"It was like: 'Man, I'm back here. I'm back on the court.'"

But so much had changed while he was gone, including his position with the Clippers. Livingston's initial four-year contract was set to expire that summer. Before the injury, he would have perhaps been looking at an extension in the neighborhood of the five-year, $85 million deal that Dwight Howard, his fellow class of 2004 draftee, signed with the Magic. Instead, the Clippers acquired Baron Davis and offered Livingston only a minimum contract.

Livingston was dispirited, but he also understood: The Clippers couldn't wait forever. Without much of a commitment on the team's end, and after staring at the same doctors, trainers, dumbbells and ice tubs for more than a year, Livingston craved a new setting. So he turned down the offer and began searching for a new home.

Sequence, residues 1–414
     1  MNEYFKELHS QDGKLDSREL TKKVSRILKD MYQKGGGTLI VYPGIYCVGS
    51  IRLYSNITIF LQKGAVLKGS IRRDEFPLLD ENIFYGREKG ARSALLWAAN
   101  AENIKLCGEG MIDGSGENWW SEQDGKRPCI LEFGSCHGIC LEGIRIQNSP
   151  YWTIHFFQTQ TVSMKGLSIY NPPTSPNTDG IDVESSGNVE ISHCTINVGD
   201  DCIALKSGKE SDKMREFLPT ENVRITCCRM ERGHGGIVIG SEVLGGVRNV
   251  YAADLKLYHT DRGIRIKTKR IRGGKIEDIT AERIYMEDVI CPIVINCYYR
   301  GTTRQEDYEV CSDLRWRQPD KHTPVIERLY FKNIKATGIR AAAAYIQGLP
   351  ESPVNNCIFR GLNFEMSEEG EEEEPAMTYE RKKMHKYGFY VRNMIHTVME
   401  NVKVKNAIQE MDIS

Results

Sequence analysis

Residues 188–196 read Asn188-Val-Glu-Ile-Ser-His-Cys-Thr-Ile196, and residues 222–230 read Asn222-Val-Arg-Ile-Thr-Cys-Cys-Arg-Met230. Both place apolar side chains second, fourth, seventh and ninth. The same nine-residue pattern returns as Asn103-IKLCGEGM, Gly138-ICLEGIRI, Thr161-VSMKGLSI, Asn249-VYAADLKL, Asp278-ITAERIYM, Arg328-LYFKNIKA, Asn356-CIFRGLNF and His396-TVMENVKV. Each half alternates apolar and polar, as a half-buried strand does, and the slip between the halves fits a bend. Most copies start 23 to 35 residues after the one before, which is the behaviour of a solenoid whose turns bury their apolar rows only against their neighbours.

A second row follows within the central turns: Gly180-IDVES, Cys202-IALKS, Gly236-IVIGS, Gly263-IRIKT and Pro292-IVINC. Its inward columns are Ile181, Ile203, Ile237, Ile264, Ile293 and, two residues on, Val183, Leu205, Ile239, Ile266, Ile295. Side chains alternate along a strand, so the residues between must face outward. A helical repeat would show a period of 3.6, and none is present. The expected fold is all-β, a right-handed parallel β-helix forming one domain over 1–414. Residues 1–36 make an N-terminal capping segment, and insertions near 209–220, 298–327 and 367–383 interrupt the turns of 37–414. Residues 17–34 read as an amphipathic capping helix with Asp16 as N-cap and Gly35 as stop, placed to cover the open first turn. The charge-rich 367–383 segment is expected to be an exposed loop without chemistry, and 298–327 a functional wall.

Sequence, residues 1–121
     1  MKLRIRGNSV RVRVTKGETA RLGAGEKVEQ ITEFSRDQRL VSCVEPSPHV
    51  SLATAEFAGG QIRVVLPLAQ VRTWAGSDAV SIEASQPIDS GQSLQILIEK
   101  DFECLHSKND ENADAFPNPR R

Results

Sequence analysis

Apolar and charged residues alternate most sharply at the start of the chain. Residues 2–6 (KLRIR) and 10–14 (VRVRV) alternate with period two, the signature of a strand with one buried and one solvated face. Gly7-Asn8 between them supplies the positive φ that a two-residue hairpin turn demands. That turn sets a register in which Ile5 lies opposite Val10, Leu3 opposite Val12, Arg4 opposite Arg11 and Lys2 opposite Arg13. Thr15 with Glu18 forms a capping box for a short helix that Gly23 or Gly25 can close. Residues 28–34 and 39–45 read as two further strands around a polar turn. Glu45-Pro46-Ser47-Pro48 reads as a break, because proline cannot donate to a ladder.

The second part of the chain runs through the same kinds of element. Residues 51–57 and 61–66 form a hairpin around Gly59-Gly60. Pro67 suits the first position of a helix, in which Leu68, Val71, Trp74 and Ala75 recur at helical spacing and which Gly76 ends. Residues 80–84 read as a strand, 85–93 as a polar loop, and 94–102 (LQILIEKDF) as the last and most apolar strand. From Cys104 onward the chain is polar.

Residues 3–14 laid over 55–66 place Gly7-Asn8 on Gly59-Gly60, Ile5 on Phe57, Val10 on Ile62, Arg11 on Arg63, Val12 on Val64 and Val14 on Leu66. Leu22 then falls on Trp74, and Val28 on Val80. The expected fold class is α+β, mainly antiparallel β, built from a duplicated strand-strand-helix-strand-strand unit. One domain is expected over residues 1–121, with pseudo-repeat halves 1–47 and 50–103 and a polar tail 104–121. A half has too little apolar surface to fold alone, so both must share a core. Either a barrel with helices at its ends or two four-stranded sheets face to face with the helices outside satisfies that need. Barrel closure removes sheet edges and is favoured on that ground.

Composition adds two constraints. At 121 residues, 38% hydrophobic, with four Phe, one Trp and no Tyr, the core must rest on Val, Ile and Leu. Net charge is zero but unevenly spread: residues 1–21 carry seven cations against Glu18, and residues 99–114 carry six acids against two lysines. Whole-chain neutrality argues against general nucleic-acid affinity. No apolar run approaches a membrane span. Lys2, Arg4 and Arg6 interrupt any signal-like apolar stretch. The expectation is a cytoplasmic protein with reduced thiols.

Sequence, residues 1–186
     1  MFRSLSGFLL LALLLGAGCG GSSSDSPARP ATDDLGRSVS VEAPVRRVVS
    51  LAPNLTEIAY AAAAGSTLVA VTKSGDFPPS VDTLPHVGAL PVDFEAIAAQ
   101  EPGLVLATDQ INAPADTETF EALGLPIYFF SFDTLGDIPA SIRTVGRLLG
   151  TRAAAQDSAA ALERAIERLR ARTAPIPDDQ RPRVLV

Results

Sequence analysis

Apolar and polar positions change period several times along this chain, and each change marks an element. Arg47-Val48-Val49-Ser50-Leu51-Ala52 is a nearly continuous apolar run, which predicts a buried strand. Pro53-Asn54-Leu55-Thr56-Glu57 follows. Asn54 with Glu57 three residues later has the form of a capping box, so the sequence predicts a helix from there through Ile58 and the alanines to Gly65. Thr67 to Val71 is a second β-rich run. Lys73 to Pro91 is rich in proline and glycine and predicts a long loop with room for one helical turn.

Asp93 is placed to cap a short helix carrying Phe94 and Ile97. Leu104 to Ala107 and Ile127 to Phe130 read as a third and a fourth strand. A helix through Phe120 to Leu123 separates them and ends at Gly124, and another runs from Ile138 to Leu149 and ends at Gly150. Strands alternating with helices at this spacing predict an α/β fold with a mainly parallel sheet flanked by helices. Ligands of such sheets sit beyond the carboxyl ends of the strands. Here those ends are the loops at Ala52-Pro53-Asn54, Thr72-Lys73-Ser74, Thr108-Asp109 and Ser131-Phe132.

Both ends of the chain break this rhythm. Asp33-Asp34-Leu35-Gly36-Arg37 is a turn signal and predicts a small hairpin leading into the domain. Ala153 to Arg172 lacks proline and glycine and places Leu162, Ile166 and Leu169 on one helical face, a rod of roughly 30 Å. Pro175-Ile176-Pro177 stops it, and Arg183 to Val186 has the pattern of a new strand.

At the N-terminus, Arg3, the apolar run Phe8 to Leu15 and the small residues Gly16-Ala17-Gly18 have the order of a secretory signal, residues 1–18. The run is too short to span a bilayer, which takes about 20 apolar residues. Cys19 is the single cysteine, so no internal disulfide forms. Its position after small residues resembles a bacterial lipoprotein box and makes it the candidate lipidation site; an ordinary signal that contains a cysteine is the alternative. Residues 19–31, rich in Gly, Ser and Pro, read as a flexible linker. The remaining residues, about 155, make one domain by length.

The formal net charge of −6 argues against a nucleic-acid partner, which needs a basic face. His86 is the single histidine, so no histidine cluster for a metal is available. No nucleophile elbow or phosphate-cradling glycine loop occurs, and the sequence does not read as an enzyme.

Pat Riley called, promising little more than a chance in Miami -- a non-guaranteed contract with a team that had no investment in his recovery. Still, Livingston set off for South Beach and learned how to work with his new knee during training camp. Checking into his first preseason game in 2008, he allowed himself a moment: He was, officially, back. But that sentiment disappeared as soon as he tried to beat a defender off the dribble. "I wasn't the same," he says. The leg still felt wooden.

The Heat dumped him in January after he appeared in just four games. If he were to stay in the league, Livingston would have to adapt his play, at least until his knee fully recovered. In March 2009, the Thunder offered him another look. After playing for the D-League affiliate, then spending the last two weeks of the season in OKC, he learned he couldn't hesitate, freeze a defender, push off his left leg and dart toward the rim the way he once did. Now he used his size and 6-11 wingspan to get between an opponent and the hoop. Livingston began turning his body to shield his defender, backing into his man as an aging Sam Cassell had once done to him in Clippers practices. He could protect the ball this way, but the process exhausted him and narrowed his once-brilliant vision. Russell Westbrook called him Old School. He was 24 years old.